Mosaic isn’t a game that’s afraid to hide its message. Seeing a world where it’s hard to stand out, where so many people go from one day to the next, having little impact, simply being a cog in the great machine, Mosaic is all about the little acts of rebellion that lead up to something meaningful.
Set in a depressingly monotone city, you play as a mere worker, going from one day to the next, sticking to the routine that’s dictated to you by your job and the technology all around you. It’s simple, just get out of bed, leave your apartment, trudge to the tube station, pack yourself onto a train filled with people staring at their phones, work, go home, eat, sleep, repeat. There’s no individuality to be found here, no escape from the routine, with automated reminders that tell you that you’re running late, that you need to hurry to get to work on time.
You can just play Mosaic and follow the rules if you like – something which Krillbite actually told us quite a lot of people do – of you can find those little ways to break out of the pattern, to discover the little joys that still remain in this dark and foreboding city.
The visuals are deliberately very bleak, aiming to be as oppressive as possible, and the monotone aesthetic brings to mind the similarly dark and depressing Inside, albeit without the game simply trying to murder you at every turn. Buildings tower over you, dark and foreboding underpasses await, ridiculous eleven-lane traffic jams provide a hellish backdrop.
That makes every moment of respite from this, every little glimmer of something different, and every opportunity to do the opposite of what you’re told stand out all the more. Coming out of the apartment block, you’re meant to head to the right to the tube, but if you go left, you find the edge of the city, a tree, some cats to tickle on the chin before they run off. Even here, there’s darkness, as you see off in the distance more of the buildings being thrown up as the city grows. Stay too long and your phone pings to tell you you’re going to be late to work.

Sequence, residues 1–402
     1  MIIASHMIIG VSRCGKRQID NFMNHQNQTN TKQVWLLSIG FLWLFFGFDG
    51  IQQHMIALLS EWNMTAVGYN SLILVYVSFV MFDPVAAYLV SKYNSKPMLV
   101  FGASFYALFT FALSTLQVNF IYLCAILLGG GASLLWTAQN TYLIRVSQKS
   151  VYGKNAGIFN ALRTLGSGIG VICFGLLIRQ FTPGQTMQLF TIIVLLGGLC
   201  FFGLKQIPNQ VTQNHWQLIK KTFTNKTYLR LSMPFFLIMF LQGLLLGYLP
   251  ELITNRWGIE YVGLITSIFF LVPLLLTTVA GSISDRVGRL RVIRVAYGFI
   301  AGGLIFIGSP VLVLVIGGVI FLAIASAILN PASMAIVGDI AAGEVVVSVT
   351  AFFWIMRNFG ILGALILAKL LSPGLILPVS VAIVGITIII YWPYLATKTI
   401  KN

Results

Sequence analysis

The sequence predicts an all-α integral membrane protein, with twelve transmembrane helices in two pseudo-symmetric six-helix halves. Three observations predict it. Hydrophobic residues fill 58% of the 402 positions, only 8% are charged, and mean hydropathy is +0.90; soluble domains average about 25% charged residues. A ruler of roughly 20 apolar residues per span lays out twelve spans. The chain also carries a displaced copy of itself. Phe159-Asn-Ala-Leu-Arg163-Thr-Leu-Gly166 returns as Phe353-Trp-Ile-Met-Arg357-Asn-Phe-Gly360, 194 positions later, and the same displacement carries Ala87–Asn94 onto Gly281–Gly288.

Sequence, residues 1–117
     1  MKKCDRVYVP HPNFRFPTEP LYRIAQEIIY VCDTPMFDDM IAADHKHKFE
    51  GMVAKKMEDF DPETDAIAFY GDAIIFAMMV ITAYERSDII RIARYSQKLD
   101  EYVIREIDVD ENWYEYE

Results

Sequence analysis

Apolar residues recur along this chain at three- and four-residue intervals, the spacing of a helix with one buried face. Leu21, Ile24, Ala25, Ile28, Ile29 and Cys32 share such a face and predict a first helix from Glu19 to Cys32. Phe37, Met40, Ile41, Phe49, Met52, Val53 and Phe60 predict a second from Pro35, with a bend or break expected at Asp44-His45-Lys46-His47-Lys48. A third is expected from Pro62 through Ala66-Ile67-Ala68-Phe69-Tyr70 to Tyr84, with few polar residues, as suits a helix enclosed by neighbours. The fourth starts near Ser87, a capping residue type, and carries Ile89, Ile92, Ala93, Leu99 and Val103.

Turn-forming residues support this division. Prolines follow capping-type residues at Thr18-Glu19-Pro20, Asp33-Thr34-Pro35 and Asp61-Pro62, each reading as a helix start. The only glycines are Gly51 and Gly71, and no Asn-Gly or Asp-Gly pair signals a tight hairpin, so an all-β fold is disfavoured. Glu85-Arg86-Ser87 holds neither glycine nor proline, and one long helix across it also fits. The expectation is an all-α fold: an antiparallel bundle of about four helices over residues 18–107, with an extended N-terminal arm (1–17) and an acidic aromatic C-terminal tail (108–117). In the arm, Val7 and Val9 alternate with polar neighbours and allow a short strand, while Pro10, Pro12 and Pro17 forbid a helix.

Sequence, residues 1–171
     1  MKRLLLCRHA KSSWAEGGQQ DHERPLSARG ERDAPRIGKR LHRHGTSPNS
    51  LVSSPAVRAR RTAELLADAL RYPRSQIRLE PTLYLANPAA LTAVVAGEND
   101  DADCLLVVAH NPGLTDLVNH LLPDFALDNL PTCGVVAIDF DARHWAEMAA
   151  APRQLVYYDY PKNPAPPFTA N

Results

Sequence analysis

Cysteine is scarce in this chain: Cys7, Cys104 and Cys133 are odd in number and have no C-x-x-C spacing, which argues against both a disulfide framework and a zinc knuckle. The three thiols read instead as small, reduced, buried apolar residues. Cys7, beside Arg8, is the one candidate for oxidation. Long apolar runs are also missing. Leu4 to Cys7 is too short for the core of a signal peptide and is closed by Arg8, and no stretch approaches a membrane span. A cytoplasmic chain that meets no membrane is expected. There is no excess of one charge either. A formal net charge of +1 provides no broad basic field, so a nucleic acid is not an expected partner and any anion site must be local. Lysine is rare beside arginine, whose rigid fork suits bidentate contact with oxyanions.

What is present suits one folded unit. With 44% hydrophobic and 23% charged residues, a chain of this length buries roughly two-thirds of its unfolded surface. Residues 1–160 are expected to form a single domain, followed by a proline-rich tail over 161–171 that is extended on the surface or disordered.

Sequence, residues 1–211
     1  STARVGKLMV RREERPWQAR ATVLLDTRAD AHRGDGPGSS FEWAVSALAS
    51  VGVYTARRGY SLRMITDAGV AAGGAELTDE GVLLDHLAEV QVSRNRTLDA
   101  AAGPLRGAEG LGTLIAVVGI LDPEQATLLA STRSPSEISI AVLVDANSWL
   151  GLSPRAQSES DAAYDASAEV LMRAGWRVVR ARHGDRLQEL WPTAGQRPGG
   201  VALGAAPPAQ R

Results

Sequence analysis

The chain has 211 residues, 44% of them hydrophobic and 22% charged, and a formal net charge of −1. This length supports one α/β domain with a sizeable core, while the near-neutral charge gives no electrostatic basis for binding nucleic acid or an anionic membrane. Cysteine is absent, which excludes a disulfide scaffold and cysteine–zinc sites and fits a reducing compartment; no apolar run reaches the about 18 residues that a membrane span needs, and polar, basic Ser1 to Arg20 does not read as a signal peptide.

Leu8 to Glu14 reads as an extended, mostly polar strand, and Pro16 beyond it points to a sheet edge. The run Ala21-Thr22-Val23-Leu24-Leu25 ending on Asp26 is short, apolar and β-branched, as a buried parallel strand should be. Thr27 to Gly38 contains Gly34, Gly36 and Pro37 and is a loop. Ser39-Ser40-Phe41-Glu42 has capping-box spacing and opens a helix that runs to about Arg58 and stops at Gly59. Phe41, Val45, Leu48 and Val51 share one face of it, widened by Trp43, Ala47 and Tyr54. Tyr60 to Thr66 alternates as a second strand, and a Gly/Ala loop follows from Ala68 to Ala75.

The phone is a gateway for a lot of this implied and actual control. It features fake news stories, sponsored content, and even an ultra-simple game called BlipBlop that has in-app purchases improve your button mashing ability. Think Cookie Clicker, but dystopian. However, the longer that you spend on the phone while walking, the blurrier the surroundings get as you’re gradually and quite effectively cut off from the world and your surroundings.
Put it away for a moment and daydreams can take hold should you spot something off in the distance that catches the eye. A bright yellow butterfly takes flight and suddenly you’re not controlling the guy on his way to work, but the butterfly trying to dodge the hostile environment it’s fluttered into. Can you help the butterfly escape this side-scrolling assault course? Or will you get it squished, trapped, or shredded?
Similarly, you might spot an open gate, leading to some of the technological infrastructure, finding a mystery within the city’s antenna system that you can try to unlock and uncover day by day. Each day presents you with a different part of the commute to or from work, gradually building and helping a game that’s all about monotony and conformity not tar itself with the same brush.
Coming out in the middle of 2019, Mosaic is an interesting game. I might not agree with its direct stance that phones are bad, per se – they do a wonderful job of connecting people and it’s not like people don’t bury their nose in newspapers and books to try and escape the fact that they’re sharing a metal box with dozens of other people – but it’s an effective push back against the monotony and uniformity that many people endure in everyday life.